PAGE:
Jules Vallès 1883
First Published: Le Cri du Peuple, November 29, 1883;
Source: Eugène Pottier, Chants Révolutionnaires (second edition), Paris, Bureau de Comité Pottier, [n.d.];
Translated: from the original for marxists.org by Mitchell Abidor;
CopyLeft: Creative Commons (Attribute & ShareAlike) marxists.org 2017.
He is an old comrade, a comrade of the great days. He was there at the Commune; he was exiled as Hugo was. Like Hugo, he too is a poet, but an unknown poet, lost in the shadows.
His verses don’t strike the shield of Austerlitz or the armor of the cuirassiers of Waterloo; they don’t fly on birds’ wings to the mountain where Olympia dreams and sighs. They don’t perch on manes atop helmets or on the crests of clouds; they remain on the street, on the streets of the poor.
But I don’t know if some of the cries issued from deep in the mud by this Juvenal of the working class quarters don’t have an eloquence as poignant, or don’t emanate a more just emotion than the most admirable stanzas of [Victor Hugo’s] Chatiments.
To be sure, we shouldn’t compare this line soldier to the drum major of an epic. But on the ground, a little infantryman who, hidden in the grass, hits his target is worth more than a drum major who fires too high.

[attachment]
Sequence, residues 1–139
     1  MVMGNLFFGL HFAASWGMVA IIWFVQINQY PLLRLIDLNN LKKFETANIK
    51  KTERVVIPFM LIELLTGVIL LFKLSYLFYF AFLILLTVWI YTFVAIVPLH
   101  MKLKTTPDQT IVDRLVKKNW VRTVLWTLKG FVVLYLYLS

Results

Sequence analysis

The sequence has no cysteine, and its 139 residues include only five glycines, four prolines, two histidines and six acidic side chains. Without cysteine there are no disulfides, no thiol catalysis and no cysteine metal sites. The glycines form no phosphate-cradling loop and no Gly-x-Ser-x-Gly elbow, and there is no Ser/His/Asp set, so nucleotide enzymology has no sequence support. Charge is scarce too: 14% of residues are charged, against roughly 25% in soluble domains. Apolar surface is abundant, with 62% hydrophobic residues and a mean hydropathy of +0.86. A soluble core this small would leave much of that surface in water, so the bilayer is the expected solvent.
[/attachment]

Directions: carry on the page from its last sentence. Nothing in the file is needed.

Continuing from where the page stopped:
And then, by the greatness of his genius Hugo is too far above the crowd to be able to speak to every corner of their hearts.
The voice of a brother in labor and suffering is needed for this.
The man I am speaking of worked and suffered. This is why he was able to depict, with heartbreaking simplicity, the life of suffering and labor.
It is to that side that we must now turns our gaze and our thoughts; to the side of the great anonymous army that capital drives to famine and death.
Leave aside the armor wearers and the cannon draggers: we've licked their boots for long enough! Let us speak of workshops and not of barracks; let us not flatter the still smoking mouths of cannons, but rather escort with our clamors of pity and anger those who the machine mutilates, starves, and crushes. Those who can no longer find a way to earn their bread because their craft has been destroyed, or because they are thought too old when they ask, like alms, for the right to die at work!
Pottier, my old friend, you are the Tyrtaeus of a battle without lightning flashes that is being delivered against the burned and blackened walls of factories, or between the walls of houses in a state of ruin, where lead waste makes as many victims as lead bullets.
Remain the poet of this world that doesn’t resort to tirades and forever drapes itself in rags, and you will have opened a new field to walled-in poverty and popular poetry.
It is there, that poetry, under the cap of the vagabond who will end up in the penal colony, and under the bonnet of the mother who has no more milk to feed her little one; crime and distress rub elbows in social fatality. Shout this out to the fortunate! And throw, like cartridges, your saddened verses into the work blouses of those who, tired of suffering injustice and torture, are ready for revolt. For they need us to encourage them, and they deserve our salute while they fight and before they die!